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About Siddharth Seth

Siddharth Seth
Siddharth is a Software Development Professional with a Master degree in Computer Applications from IGNOU. He has over 14 years of experience. And currently focused on Software Architecture, Cloud Computing, JavaScript Frameworks for Client and Server, Business Intelligence.

ReactJS Lifecycle Methods Tutorial

In this piece, we are going to dive into the ReactJS lifecycle methods. We explore the events as a component renders to the DOM. Updates to a component trigger additional lifecycle events that we will also look at. We build a simple ticker component and log out method names as they run.

To start off I will be using create-react-app to create skeletal of our project. create-react-app is an npm package that helps create a starting point for a ReactJS Application.

I have used the below toolset for the application in this article. Some of them are necessary whilst you can switch to your favorites for others.

  1. create-react-app Package
  2. TypeScript
  3. Visual Studio Code IDE

1. Initial Setup

Firstly, we will create our application skeletal using create-react-app. We do this by running the below command on the command prompt.

> npx create-react-app my-app .

Once the command completes we run the following command to complete setup of our application.

>npm i @types/react typescript react-app-polyfill

Now our generated application when opened in Visual Studio Code should look like below:

ReactJS Lifecycle Methods - Project Structure
Project Structure

2. Ticker Component

We create a new React component in a file called Ticker.tsx. This component sets up a ticker using the JavaScript function setInterval. On each passing of the interval a method updateTicker is executed. This method updates the state of the component storing the current datetime in it. The component re renders every 2 seconds since I have set the interval to 2 seconds The code for our component so far looks like below:

Ticker.tsx
import React from 'react';

class Ticker extends React.Component {
    timerId = 0;
    constructor(props: any) {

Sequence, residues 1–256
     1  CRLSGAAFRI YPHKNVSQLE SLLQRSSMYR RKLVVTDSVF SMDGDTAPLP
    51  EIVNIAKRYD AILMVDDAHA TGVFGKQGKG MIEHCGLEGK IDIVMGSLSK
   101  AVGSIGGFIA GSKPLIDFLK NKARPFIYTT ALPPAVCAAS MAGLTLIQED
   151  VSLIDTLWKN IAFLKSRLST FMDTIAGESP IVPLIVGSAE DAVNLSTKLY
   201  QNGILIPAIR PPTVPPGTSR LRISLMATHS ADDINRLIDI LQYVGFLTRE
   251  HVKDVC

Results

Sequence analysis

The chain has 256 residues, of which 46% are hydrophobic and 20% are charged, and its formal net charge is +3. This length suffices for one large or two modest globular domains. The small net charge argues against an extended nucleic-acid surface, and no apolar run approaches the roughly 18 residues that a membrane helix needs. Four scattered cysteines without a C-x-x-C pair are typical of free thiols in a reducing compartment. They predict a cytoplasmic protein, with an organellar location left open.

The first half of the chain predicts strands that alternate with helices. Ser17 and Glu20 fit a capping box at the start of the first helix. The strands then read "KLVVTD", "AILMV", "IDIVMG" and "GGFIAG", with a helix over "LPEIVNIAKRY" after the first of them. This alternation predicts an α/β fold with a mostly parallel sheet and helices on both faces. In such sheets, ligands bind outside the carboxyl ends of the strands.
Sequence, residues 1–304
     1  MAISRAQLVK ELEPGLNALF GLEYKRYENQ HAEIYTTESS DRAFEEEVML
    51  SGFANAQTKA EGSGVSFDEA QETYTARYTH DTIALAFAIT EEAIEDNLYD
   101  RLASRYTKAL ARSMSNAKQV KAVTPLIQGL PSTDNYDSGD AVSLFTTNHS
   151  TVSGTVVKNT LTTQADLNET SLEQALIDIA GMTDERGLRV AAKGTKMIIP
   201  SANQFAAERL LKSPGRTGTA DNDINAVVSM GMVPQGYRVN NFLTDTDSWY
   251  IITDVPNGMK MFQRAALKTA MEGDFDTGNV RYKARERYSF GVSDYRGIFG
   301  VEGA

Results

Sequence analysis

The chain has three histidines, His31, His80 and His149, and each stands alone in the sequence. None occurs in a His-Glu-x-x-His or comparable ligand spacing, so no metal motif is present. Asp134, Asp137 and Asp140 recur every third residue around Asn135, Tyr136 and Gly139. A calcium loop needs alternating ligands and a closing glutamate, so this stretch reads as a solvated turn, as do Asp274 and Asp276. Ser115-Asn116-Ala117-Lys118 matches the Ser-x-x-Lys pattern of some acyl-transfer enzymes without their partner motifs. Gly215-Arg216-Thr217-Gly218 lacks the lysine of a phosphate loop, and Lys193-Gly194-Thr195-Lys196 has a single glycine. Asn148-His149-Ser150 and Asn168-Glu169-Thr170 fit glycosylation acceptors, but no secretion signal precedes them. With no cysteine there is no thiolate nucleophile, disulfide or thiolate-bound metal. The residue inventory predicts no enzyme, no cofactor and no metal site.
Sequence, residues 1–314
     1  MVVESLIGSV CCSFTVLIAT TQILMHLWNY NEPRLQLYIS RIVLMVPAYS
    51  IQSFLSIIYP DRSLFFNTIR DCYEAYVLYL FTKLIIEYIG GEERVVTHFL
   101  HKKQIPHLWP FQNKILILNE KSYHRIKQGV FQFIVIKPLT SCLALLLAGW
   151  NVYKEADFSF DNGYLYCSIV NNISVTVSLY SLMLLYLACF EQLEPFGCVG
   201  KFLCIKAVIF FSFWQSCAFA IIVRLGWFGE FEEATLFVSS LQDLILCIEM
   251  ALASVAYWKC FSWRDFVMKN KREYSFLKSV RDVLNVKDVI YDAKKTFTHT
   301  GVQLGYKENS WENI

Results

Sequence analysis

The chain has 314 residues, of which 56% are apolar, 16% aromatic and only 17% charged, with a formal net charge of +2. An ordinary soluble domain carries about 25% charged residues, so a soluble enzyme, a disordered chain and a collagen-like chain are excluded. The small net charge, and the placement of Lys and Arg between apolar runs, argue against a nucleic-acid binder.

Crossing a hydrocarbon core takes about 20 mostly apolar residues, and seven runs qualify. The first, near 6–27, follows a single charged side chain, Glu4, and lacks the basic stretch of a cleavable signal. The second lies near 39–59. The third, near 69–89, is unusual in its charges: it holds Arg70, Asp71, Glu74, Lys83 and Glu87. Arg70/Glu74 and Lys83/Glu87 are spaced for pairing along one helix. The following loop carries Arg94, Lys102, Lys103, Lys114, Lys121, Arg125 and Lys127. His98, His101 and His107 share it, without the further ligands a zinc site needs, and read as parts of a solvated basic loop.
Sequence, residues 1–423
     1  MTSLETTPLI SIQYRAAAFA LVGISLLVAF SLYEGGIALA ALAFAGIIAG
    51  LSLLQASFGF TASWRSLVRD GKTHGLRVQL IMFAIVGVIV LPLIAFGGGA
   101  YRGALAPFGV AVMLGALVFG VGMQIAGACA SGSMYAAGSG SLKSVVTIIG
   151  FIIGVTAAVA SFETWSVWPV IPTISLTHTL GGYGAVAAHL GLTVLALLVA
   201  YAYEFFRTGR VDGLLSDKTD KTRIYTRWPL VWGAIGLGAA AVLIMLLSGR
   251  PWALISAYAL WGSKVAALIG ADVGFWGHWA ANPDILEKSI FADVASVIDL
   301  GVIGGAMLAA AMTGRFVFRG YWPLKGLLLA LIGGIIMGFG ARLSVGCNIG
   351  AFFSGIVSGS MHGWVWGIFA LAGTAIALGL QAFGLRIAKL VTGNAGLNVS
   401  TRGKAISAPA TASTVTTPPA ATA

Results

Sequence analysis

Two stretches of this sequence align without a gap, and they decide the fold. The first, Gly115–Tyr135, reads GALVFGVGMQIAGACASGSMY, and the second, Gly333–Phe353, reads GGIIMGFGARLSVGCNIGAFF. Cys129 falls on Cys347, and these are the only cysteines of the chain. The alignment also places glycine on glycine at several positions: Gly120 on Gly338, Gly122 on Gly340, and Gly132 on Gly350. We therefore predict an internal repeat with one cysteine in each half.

super(props);        
        this.state = { time: new Date()};
    }
    componentDidMount = () => {
        this.timerId = setInterval(this.updateTicker, 2000);        
    }
    updateTicker: any = () => {
        this.setState({ time: new Date() });
    }
    render = () => {   
        return <div>{this.state.time.toString()}</div>;
    }
}
export default Ticker;

As you might notice in the above code we have already started using lifecycle methods. In particular we leverage the componentDidMount lifecycle method to setup our interval. This method is called as the component is initially loaded or mounted into the DOM.

3. Demo Component

This component acts as the parent of our Ticker component. This component, in addition to our Ticker, renders a checkbox that we use to show hide our Ticker component. I will explain the utility of this feature as the article progresses. The code for our Demo Component looks like below and resides in a file named Demo.tsx.

Demo.tsx
import React from 'react';
import Ticker from './Ticker';

class Demo extends React.Component{
    constructor(props: any) {
        super(props);
        this.state = { hideTicker: false };
    }
    render = () => {
        return <div>
            <input onChange={this.hideTicker} type="checkbox" />
            Hide Ticker 
            { !this.state.hideTicker && <Ticker />}
        </div>;
    }
    hideTicker = (event: any) => {
        this.setState({ hideTicker: event.target.checked });
    }
}
export default Demo;

4. Initial Render

The following lifecycle methods run in order as the application starts up. We can leverage them to write code that needs to execute at a particular stage during the lifecycle of a React Component. Let us take a look at these methods.

  • Constructor

This is the first method run on Application startup. Typically we call the parent React.Component Class constructor passing in the props. As well as initializing the internal state of our Component.

  • getDerivedStateFromProps

This method is a static one. And called just before the render method. The props and state of the component are passed to this component. We must either return the updated props and state or null if we do not want to perform any updates. It does not have access to the component instance. We can use this method to update internal state of the Component dependent on prop value changes. The React team discourages use of this method and provides alternatives.

  • render

This method is mandatory and required for each Component. It should be a pure function. Meaning that it should not modify or change the state of the component.

  • componentDidMount

Upon mounting or rendering of the component this lifecycle method is immediately invoked. This method is the place to put any code for network requests to pull data.